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Jewish World Review Oct. 19, 1999 /9 Mar-Cheshvan, 5760

Betsy Hart

Betsy Hart
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'Humanitarian' hypocrites -- I'LL NEVER FORGET meeting a woman who billed herself as a "child-advocate" but who became visibly horrified when I mentioned to her (jokingly?) that my husband and I eventually wanted six children. I'd rightly suspected she didn't really advocate kids.

I thought about her and her like-minded friends when the world recently marked the addition of its 6 billionth person.

That's because so many "humanitarians" bemoaned the birth of that newest little human, wherever he or she was born.

United Nations Secretary-General Kofi Annan proclaimed that "we have to stabilize the population of this planet.

Quite simply, there is a limit to the pressures our global environment can stand." The executive director of the U.N.

Population Fund expressed worries about "a world devastated by human activities." In Britain, the BBC intoned that "the birth of the child who will bring the global population to six billion ... . will probably not be a happy affair."

The Wall Street Journal summed up the world view of these folks when it editorialized, "Let a chicken or pig be born in Delhi or Shanghai and the bean counters at the U.N. and World Bank will tell you that the nation is wealthier. But let an Indian or Chinese mother give birth to a son or daughter, and it goes down in their crabbed little ledgers as a liability."

It's clear the elite want fewer people in the world. The question it seems to me is: Why?

Over the last decades prophets of doom and gloom have varied their tone about over-population, but never their message: In the 1970s we were told by the leader of this movement, Paul Ehrlich, that "the world is teetering on the brink of mass starvation;" in 1980 the Carter administration said that "the world hunger problem is getting worse rather than better," and in 1989 the United Nations informed us that "hunger and malnutrition are growing and will continue to grow."


How wrong they were.

It's true that the world population over the last century may have tripled, though it's due to dramatically longer life-spans, not increased fertility. In any event, the world's food supply and available resources have grown faster.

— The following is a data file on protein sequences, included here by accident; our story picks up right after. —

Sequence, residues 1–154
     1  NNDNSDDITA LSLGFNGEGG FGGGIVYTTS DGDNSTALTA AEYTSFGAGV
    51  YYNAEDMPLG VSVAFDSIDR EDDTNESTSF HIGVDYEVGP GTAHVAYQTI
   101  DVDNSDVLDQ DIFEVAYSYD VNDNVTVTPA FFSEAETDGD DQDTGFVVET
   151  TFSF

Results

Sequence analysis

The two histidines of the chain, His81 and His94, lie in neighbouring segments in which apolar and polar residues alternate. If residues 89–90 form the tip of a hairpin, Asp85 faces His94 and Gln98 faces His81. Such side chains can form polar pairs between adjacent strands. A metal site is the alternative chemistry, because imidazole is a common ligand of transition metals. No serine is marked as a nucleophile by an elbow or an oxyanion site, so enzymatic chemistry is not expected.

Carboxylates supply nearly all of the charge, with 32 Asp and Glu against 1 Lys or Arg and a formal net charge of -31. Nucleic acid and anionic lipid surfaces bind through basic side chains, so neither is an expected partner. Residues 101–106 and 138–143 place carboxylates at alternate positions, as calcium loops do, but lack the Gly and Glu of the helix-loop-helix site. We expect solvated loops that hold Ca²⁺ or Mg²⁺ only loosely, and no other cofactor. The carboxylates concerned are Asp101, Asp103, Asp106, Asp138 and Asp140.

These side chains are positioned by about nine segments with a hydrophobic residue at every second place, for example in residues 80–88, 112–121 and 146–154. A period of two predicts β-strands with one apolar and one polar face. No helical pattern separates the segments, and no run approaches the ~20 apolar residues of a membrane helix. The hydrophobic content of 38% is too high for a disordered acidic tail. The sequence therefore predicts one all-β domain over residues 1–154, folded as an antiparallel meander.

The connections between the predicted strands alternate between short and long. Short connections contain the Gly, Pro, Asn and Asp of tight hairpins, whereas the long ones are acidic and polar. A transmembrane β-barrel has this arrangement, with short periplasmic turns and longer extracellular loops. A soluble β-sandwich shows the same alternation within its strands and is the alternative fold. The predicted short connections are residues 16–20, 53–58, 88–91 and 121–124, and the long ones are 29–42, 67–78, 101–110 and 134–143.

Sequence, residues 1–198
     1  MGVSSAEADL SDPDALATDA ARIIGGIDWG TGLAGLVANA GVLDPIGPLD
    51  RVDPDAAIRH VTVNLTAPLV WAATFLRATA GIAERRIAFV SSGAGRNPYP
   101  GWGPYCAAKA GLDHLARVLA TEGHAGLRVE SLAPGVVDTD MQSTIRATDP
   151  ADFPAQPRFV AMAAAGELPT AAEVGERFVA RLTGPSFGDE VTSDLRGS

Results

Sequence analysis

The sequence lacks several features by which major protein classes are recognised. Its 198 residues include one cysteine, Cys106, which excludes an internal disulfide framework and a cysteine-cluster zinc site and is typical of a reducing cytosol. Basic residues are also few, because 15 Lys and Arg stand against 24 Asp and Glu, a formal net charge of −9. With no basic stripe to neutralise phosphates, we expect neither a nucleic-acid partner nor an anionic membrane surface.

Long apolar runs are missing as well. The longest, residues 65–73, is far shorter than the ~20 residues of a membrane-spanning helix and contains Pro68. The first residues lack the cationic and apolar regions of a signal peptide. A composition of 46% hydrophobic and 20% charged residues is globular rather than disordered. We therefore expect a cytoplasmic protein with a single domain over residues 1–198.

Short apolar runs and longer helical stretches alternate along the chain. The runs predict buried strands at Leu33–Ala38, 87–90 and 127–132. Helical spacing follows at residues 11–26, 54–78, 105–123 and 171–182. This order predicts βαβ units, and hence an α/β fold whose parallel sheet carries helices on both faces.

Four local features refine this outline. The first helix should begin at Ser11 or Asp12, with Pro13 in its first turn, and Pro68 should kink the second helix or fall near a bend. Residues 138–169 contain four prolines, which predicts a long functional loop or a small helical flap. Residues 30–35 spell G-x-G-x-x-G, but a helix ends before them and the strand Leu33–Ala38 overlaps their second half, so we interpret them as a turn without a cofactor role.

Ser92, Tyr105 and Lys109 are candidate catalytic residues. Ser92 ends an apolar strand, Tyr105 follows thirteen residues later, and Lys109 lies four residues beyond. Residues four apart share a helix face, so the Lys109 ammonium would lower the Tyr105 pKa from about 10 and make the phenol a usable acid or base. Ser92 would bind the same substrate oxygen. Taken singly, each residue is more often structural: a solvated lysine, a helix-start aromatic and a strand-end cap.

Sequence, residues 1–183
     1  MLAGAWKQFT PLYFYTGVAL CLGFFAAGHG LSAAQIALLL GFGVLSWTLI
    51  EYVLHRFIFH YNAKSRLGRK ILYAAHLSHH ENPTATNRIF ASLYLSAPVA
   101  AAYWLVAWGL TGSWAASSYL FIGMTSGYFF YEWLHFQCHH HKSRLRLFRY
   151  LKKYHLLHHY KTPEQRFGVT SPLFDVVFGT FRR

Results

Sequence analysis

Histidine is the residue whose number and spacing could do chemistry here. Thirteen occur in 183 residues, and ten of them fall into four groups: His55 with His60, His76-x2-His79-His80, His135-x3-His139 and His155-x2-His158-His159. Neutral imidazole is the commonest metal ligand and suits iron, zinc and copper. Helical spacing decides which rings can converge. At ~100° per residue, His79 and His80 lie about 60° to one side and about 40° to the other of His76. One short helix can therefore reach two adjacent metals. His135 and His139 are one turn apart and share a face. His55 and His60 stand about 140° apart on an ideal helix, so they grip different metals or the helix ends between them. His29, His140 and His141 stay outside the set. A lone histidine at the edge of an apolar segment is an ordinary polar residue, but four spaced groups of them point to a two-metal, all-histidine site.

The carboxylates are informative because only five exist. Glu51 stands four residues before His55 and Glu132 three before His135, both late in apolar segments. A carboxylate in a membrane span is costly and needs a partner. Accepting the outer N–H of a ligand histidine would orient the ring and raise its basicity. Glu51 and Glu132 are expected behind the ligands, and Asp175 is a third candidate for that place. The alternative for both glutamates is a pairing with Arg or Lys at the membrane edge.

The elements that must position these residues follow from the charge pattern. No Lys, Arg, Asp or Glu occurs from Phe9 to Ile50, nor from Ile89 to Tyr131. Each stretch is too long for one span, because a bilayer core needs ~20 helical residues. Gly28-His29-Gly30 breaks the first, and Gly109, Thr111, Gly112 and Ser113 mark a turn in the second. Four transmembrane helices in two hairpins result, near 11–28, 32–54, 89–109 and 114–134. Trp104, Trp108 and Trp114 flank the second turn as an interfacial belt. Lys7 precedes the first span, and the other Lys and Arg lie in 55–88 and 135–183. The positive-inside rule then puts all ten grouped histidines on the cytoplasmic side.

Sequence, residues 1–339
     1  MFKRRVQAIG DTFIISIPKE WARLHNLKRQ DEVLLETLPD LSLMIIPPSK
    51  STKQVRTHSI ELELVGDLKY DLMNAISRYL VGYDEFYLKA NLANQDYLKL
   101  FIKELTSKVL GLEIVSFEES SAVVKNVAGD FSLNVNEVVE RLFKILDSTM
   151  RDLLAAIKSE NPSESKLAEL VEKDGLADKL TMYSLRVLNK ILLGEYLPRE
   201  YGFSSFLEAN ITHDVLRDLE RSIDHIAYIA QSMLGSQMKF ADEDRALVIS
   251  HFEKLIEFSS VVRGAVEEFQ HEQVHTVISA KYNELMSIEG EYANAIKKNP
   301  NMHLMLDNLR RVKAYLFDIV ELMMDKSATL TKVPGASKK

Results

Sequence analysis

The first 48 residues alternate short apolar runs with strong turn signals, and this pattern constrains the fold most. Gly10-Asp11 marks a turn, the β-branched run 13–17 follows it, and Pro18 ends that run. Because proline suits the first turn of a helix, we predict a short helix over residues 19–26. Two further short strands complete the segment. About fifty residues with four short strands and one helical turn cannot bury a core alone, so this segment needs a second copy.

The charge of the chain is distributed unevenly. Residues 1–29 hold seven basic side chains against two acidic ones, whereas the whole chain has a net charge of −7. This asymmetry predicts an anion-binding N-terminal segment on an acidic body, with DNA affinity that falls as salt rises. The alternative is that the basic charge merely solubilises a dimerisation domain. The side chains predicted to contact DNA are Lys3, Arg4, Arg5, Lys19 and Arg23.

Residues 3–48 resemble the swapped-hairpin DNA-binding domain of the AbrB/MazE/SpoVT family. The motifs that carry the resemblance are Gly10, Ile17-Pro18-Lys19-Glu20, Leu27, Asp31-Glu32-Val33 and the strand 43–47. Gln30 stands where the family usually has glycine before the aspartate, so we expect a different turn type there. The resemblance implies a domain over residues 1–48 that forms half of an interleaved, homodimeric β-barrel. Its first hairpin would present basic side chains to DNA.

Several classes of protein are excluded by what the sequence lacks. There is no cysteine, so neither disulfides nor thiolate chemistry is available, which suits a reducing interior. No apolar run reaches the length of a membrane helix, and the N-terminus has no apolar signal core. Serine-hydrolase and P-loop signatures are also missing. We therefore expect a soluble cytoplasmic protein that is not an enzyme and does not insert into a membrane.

Thanks to vastly improved technology and freer economic systems, the supply of food for every man, woman and child on the earth today has risen 40 percent since 1948. Even in the poorest parts of the world, it's gone up by 25 percent per capita since 1960.

Meanwhile, real food prices have dropped significantly and the quality of that supply has risen dramatically. In Africa alone, according to estimates, real per capita income has increased threefold in the last century. So too, as the late economist Julian Simon pointed out, has the price of every non-government controlled commodity, including oil, metals and timber. Even grain prices have dropped in real terms since the turn of the century.

Since prices decline when goods become more plentiful, that tells us a lot about the availability of the earth's resources. This success story is again thanks to technological achievements that demonstrate, as Nicholas Eberstadt of the American Enterprise Institute and Harvard University put it, that "human beings can create as well as exhaust 'natural' resources."

Man-made global warming is the latest bugaboo of the population-control set, but that theory has as many holes in it as did the "impending ice-age" scare of the 1970s. Meanwhile, in temperate regions forests are actually expanding and in richer countries -- no matter how densely populated -- air and water quality continue to improve.

Today where scarcity and poverty do exist on any kind of widespread basis it is because of corrupt governments or social regimes, not because of too many people.

In fact, it's declining birth rates the world over that are more likely to lead to serious economic and social consequences than growth. By 2050, for instance, those aged 65 and older will be twice as numerous as those 15 and younger.

So back to my question. Why, all evidence to the contrary, do the world's elites still view people as a liability instead of a resource?

Well some of these folks may be naive, others may enjoy the sense of moral indignation it gives them, and some may even revel in the coercive power of government population-control programs which literally get into people's bedrooms the world over.

Or, perhaps at its core it's simply that many "humanitarians" love humanity -- they just don't like people.

JWR contributor Betsy Hart, a frequent commentator on CNN and the Fox News Channel, can be reached by clicking here.


10/15/99: On a first-name basis with a three-year-old

©1999, Scripps Howard News Service